Estimation, planning, control, and learning are giving us robots that can generate good behavior given a specified objective and set of constraints. What I care about is how humans enter this behavior generation picture, and study two complementary challenges: 1) how to optimize behavior when the robot is not acting in isolation, but needs to coordinate or collaborate with people; and 2) what to optimize in order to get the behavior we want. My work has traditionally focused on the former, but more recently I have been casting the latter as a human-robot collaboration problem as well (where the human is the end-user, or even the robotics engineer building the system). Treating it as such has enabled us to use robot actions to gain information; to account for human pedagogic behavior; and to exchange information between the human and the robot via a plethora of communication channels, from external forces that the person physically applies to the robot, to comparison queries, to defining a proxy objective function.
Anca Dragan at the podium. (Photo by J. Dugan)
The Berkeley Distinguished Lectures in Data Science, co-hosted by the Berkeley Institute for Data Science (BIDS) and the Berkeley Division of Data Sciences, features Berkeley faculty doing visionary research that illustrates the character of the ongoing data revolution. This lecture series is offered to engage our diverse campus community and enrich active connections among colleagues. All campus community members are welcome and encouraged to attend. Arrive at 3:30 PM for light refreshments and discussion prior to the formal presentation.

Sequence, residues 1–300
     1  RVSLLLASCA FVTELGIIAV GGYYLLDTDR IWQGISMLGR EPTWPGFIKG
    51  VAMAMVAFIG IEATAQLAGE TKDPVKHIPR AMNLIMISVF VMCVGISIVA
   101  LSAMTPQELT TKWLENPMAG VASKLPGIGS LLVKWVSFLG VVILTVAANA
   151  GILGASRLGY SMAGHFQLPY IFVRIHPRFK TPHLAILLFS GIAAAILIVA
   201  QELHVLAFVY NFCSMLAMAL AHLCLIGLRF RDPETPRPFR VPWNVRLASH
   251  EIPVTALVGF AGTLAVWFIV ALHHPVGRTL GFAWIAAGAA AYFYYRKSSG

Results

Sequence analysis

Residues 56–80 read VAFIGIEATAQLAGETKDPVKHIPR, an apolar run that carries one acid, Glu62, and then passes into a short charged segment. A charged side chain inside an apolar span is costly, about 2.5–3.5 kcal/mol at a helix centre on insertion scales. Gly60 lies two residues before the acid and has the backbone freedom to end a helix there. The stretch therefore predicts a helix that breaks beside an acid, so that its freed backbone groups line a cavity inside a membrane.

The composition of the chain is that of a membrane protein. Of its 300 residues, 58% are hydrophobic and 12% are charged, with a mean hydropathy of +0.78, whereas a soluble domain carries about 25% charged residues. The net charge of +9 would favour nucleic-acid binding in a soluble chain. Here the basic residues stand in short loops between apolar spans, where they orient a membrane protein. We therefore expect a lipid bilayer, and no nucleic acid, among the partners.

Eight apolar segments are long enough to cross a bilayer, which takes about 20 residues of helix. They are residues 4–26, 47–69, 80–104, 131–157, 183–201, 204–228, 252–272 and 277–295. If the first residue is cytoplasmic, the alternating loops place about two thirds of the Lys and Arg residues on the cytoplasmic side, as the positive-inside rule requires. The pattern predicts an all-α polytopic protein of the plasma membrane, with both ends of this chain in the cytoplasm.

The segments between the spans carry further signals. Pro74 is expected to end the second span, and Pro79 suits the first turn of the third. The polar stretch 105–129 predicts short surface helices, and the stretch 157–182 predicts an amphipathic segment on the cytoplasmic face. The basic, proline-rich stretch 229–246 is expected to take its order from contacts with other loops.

Anca Dragan is an Associate Professor in the EECS Department at UC Berkeley. Her goal is to enable robots to work with, around, and in support of people. She runs the InterACT Lab, which focuses on algorithms for human-robot interaction - algorithms that move beyond the robot's function in isolation, and generate robot behavior that also accounts for interaction and coordination with end-users. InterACT work across different applications - from assistive robots, to manufacturing, to autonomous cars - and draws from optimal control, planning, estimation, learning, and cognitive science. She also helped found and serves on the steering committee for the Berkeley AI Research (BAIR) Lab, and she is a co-PI of the Center for Human-Compatible AI. She's been honored by the Sloan Fellowship, MIT TR35, the Okawa award, and an NSF CAREER award.